Time management and deadlines  

Identify a realistic timeframe for your project as each stage will likely require internal review and approval. Agreeing deadlines for each will minimise the risk of delays. It’s important to identify who your internal approval team is; we recommend having more than one person with this responsibility in case they are off sick or on holiday when deadlines are due.  

In some cases, tight deadlines cannot be avoided, but by setting an MVP (minimum viable product) for initial go-live and outlining phases of ongoing development and improvement could be the best solution.  

Research and analysis  

The research phase of your project will be more valuable if the agency has existing data and research available to analyse. Using tools such as Google Analytics and Hotjar will allow you to share reports as part of the brief. If you can provide research for the agency to work with, this can help save time and reduce initial research costs. It also helps improve your knowledge of how your website is currently performing, putting you in a better position to make considered decisions when the project begins.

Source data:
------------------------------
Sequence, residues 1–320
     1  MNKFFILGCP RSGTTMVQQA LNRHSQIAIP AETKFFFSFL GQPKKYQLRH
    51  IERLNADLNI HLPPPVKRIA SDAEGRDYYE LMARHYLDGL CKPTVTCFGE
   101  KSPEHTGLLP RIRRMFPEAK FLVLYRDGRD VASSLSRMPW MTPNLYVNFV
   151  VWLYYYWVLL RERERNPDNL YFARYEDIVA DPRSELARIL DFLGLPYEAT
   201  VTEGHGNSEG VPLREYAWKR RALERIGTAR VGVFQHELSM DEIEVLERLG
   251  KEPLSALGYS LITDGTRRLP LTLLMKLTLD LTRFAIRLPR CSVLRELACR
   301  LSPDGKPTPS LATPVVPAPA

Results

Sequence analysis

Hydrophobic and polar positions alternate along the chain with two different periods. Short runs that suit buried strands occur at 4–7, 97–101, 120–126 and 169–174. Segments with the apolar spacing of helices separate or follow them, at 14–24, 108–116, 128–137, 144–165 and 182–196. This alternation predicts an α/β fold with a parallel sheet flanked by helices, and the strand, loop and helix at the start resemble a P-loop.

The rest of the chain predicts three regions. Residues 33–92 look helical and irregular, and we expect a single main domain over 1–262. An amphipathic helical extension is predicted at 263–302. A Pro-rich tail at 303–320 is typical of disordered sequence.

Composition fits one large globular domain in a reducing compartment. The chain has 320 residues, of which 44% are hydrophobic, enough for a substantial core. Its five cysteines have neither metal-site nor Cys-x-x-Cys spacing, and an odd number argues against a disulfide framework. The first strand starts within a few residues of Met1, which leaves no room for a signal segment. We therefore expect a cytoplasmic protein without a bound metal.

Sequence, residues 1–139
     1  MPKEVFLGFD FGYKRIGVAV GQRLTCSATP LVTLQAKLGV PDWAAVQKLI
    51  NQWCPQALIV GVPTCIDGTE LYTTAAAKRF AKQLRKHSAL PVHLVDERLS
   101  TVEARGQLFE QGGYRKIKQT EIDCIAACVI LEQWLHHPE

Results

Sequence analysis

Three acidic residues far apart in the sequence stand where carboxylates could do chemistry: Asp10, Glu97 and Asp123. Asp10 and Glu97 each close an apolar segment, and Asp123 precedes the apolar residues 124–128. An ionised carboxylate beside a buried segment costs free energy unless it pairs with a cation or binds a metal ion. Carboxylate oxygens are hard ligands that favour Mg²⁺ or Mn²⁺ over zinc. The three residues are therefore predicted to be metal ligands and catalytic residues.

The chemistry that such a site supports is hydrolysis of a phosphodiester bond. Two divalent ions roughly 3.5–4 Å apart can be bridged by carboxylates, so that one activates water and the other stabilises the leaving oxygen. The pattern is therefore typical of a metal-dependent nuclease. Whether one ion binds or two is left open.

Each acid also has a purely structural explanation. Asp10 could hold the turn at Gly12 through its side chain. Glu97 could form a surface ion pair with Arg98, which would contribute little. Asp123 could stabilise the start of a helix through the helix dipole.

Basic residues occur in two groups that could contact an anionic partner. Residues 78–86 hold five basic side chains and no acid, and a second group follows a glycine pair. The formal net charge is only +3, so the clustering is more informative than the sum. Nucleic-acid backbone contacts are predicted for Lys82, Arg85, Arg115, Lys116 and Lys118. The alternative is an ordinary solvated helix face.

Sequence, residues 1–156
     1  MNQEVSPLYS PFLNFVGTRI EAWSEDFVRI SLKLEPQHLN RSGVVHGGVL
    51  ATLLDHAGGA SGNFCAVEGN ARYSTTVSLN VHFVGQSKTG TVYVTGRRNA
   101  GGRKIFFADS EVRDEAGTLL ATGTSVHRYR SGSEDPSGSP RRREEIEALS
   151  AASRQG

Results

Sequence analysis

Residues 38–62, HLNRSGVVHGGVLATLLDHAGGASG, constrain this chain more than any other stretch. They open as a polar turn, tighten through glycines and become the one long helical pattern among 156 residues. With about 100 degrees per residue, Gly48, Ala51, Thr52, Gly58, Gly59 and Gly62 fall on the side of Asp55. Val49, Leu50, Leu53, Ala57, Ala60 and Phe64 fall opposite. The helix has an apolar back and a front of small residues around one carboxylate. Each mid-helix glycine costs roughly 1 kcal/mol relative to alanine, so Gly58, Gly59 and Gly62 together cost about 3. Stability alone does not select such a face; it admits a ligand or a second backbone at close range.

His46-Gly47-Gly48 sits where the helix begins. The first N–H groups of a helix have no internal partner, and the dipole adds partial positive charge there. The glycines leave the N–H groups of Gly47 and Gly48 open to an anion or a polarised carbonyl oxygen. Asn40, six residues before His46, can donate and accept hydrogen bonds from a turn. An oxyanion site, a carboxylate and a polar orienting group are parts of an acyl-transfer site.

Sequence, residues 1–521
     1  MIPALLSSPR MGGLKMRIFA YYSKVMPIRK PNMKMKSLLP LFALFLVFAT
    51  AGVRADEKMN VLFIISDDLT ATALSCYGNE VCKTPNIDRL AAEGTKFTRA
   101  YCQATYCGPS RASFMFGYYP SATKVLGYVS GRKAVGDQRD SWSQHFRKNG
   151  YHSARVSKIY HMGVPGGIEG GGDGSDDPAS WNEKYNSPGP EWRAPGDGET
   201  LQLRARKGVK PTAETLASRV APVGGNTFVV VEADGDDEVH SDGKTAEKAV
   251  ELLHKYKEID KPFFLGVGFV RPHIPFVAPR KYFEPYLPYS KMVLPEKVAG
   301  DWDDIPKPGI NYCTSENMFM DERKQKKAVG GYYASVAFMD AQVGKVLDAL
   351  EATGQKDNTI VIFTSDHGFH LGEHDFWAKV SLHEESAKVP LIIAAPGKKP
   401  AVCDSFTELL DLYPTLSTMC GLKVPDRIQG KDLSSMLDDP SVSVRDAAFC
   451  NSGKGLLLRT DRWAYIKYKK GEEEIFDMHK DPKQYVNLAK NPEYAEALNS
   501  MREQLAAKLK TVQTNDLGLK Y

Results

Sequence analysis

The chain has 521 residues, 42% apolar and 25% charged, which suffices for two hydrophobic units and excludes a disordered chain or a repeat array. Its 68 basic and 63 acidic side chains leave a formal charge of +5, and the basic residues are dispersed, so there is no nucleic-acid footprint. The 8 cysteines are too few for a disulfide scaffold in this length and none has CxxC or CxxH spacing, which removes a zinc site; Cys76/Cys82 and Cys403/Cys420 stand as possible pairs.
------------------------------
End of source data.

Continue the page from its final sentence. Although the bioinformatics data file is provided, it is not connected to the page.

At its very core, creating an effective project scope requires continuous and clear communication to ensure everyone involved understands their responsibilities and how goals will be met. Once this foundation has been created, you are equipped to effectively guide the project for the best chance of delivering desired results within timescale and budget.  

At NetConstruct, we understand how important research and planning is to any project and we can help you get it right. We have worked with various clients helping them create and implement their project scope and deliver a final result that appeals to their audience. If you want to talk more about project scoping or your upcoming website projects, reach out to the team.  

Thoughts. Opinions. Views. Advice.